The Marble Downs finds Alex Neilson and co. mining deeper in to a blend of idiosyncratic traditional British folk and psych-jazz madness. Applying the enthusiasm for the new of the eccentric British inventor to produce an album that is by turns krautrock hypnogogia, psychedelia and skuzz rock, and also incudes a trad folk a capella duet. The involvement of Will ‘Bonnie Prince Billy’ Oldham, multiplies the preexisting restless creativity of The Trembling Bells’ resulting in an album that is a partial triumph.
The notes accompanying the album tell how Oldham’s catalyising openness apparently also meant psilocybin fuelled excursions into the inner mind, if the result is the more psychedelic, skuzzier end of the album here it was time well spent. He acts as a catalyst, allowing those around him to spread their wings: he provides the perfect vocal foil to Lavinia Blackwell adding a care warn charm to her lovely, slightly formal tones; Alex Neilson has suggested that he upped his game in terms of songwriting. Simon Shaw and Mike Hastings [Bass and Guitar] flex their muscles wonderfully on arrangements that are by turns loose and tight, shifting from traditional, bawdy folk to the more free-flowing via psych-folk and acid freak outs.
Album opener I Made a Date (with an Open Vein), sets out the stall well moving through distinct phases from modal chaos, before resolving into strong vocal leads. A folk-rock romp, a morbid romance. I Can Tell You’re Leaving is perhaps the best demonstration of Oldham and Blackwell’s back and forth, trading barbs, dueling. Marble Downs shines when it either steps up the energy as on Ain’t Nothing Wrong with a Little Longing – replete with rough hewn sax skronk – or plumbs the depths of dark, pitch black, romance – Everytime I Close My Eyes (We’re Back There) nails it with the line “The ultimate act of possession is homicidal love” or Riding’s thunderous drums and dark (possibly) incestuous tale. Excusrions into Assonance slowly unfolds to reveal its charms – from breathy intro to beautiful dénouement. My Husband’s Got No Courage in Him is a triumph of living breathing social history.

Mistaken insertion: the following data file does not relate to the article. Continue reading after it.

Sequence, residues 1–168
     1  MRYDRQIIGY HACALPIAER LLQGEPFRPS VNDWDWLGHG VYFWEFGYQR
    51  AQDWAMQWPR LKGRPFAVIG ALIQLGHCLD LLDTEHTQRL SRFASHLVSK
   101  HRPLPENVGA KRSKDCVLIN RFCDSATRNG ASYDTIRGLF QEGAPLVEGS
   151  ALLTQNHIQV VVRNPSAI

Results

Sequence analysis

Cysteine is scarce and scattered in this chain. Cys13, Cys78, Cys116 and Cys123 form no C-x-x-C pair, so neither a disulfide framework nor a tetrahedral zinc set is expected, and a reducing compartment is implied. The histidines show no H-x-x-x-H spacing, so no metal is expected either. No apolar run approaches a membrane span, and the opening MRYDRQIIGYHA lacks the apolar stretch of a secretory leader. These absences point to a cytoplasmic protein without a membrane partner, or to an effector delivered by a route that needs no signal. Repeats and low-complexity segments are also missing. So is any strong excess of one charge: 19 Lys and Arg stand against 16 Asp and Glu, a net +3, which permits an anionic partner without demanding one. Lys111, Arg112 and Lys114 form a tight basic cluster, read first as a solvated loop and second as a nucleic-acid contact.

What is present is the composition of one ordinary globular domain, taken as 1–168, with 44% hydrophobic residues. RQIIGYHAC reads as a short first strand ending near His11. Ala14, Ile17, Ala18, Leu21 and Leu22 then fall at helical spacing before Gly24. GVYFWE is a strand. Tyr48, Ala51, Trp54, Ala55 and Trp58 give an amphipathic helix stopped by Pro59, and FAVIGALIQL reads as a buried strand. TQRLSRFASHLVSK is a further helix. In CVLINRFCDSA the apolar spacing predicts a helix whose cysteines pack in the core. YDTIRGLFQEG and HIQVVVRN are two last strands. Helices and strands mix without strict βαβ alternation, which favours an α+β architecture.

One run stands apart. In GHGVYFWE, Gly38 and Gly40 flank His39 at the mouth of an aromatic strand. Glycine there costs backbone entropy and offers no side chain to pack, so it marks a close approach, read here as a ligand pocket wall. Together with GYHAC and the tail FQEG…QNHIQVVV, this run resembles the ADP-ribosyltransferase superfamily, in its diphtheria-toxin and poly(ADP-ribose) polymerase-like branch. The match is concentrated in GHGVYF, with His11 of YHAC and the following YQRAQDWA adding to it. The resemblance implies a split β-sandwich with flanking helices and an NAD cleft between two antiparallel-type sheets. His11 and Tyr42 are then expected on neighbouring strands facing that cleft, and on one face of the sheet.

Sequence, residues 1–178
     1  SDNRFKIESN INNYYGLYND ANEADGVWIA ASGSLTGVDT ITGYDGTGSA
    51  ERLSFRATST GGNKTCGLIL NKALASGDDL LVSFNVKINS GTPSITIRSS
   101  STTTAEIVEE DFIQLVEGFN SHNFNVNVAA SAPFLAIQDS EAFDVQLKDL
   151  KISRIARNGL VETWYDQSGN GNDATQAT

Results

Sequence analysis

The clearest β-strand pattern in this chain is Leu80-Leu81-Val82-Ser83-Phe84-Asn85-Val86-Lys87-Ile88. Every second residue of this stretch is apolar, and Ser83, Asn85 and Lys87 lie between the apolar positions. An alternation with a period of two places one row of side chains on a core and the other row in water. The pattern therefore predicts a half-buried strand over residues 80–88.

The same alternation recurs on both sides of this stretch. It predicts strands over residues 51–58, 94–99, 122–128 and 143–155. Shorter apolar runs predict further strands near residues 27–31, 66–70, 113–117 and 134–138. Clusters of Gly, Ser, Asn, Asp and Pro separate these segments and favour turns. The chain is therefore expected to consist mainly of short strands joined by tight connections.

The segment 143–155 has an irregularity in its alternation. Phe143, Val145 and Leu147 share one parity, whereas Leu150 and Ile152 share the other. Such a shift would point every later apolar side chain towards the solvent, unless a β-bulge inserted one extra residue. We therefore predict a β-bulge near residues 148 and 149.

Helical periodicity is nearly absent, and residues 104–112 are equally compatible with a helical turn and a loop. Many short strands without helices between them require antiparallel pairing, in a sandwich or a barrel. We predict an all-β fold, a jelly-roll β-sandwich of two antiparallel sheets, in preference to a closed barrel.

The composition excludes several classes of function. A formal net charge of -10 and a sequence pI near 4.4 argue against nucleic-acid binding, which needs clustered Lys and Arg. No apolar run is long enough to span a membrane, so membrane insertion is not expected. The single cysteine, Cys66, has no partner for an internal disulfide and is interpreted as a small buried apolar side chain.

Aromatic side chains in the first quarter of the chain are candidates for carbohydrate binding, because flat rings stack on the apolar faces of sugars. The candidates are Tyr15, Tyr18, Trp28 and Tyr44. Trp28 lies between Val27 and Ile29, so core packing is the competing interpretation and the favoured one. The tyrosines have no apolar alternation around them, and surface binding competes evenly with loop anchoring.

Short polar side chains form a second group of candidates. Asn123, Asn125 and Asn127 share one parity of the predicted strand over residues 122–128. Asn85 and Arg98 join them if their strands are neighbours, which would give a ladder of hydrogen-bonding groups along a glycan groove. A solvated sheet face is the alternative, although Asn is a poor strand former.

The Marble Downs has a couple of flaws: they over use long fade outs (on nearly half the tracks!), this always feels a little bit lazy to me. This is especially disappointing given the obvious smorgasbord of ideas present here. Why are they apparently unable to find a satisfactorily end to a song. I’m not too keen on that other archetype of Britishness – arch knowingness. The type of cleverness that comes up with long song titles doesn’t always translate well to the witty lyrical turns of phrase. For the most part though they just about skirt the right side of the overly clever-clever, and when they get it right it really is wonderful.
There are spells here where the album plugs right in to the shared deep British consciousness; the traditions of folk and the eccentric creative overflow. Marble Downs mysteriously maintains a ‘tip-of-the-tongue’ quality. This though is a strength, as it feels immediate, familiar and powerfully evocative of other places, other eras. A number of the songs feel a little but baggy, almost as if they have a great idea that coalesces all too briefly before it falling to pieces again, but the balance is broadly successful. When by the end of the album Lord Bless All rumbles through its slow oscillation of an intro into distant vocal chants before building to its squall of space-rock any minor qualms disappear.
This post first appeared on The What Where When on 10 April 2012